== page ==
TO: Principals, Superintendents, and Vermont Educators
COPY: VT-NEA, VSA, VPA, VSBA, VCSEA
FROM: Rebecca Holcombe, Ed.D., Secretary of Education
SUBJECT: Our Responsibility for the Learning of our Students
DATE: February 28, 2017
With the new Administration in Washington and the implementation of the Every Student Succeeds Act, we are in transition on several fronts, including how we talk about and manage our responsibility for ensuring all our students are well educated.
Our work in public education is paradoxical. On the one hand, we need good data on how we are doing, so that we can use that data to support continuous improvement in learning and to make sure we are achieving our equity goals, both locally and at the state level. If a test is too easy or too hard, it does not give us useful information to support that work. Vermont has always erred on the side of higher standards, to give us ambitious “stretch” goals for our children and ourselves.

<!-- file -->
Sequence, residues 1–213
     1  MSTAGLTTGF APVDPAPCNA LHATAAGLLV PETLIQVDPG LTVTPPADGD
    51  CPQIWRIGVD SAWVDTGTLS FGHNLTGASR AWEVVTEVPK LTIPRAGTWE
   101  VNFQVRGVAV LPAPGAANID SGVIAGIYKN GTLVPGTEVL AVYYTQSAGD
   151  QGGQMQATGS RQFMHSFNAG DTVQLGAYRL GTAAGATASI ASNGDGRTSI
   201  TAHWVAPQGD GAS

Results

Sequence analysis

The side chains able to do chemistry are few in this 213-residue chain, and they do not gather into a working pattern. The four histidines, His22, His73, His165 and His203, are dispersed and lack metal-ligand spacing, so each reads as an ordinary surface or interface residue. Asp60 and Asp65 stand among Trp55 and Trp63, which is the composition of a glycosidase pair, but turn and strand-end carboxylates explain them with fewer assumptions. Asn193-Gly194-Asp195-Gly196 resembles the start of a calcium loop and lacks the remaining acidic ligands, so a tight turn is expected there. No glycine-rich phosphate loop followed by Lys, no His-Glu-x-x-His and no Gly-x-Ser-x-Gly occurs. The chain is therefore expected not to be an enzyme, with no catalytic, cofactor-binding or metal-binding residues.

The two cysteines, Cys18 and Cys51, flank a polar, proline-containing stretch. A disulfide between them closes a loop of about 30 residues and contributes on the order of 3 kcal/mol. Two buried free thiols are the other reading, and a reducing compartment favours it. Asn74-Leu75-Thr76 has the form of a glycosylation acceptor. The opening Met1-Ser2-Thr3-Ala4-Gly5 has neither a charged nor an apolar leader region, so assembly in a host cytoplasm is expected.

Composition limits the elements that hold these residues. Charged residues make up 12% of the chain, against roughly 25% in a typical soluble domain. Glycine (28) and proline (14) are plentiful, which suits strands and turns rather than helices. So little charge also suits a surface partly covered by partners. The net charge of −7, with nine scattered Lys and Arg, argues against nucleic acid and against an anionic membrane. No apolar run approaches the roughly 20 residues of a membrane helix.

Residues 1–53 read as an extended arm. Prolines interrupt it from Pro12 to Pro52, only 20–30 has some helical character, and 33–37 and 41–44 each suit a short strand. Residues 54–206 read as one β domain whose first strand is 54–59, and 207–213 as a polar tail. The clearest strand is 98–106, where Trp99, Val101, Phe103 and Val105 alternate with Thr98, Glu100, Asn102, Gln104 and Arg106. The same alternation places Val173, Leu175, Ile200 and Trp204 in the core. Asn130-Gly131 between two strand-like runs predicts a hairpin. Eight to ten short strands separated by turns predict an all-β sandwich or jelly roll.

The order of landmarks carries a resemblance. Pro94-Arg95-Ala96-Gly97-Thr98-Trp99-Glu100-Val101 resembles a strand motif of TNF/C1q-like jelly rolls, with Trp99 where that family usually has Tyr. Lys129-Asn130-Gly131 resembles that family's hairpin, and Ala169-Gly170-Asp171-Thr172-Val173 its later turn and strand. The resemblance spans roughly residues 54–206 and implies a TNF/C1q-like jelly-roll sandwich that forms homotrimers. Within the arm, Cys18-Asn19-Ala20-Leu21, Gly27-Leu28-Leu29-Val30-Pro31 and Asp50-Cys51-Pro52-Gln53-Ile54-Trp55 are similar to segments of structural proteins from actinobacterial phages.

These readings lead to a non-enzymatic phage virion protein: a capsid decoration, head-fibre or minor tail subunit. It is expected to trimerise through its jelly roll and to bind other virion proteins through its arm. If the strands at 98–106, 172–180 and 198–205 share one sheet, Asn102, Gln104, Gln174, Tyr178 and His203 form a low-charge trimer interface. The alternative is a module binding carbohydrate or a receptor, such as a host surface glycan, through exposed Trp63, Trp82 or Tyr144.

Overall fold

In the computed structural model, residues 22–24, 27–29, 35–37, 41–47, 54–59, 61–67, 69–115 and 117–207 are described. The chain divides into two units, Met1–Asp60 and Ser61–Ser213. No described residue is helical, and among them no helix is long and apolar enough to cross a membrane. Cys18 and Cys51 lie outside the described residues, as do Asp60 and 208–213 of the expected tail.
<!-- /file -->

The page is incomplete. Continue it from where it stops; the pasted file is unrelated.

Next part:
Without good data, we would have no way to really evaluate whether our professional collaboration and the investments we make lead to the difference we want for our children. Without this data, we can’t do our job. We must have high expectations, or we will not achieve what we hope for our children. Now, more than ever, our children need to be well educated in order to prosper and help build a strong state.
On the other hand, this transparency can leave us feeling vulnerable and discouraged when it is used to criticize our work or diminish our students. Children bring different kinds of privilege and disadvantage to school, and children who live in challenging circumstances are not evenly distributed across the state. We know that some communities are coping with unique levels of adversity, and this affects how their students score overall. We also know some communities have populations that are uniquely advantaged in the resources and education levels of their parents, and unsurprisingly, some of these communities are amongst our highest scoring. We have to move past a simplistic conversation of whether schools are good or bad, and towards a more meaningful conversation around...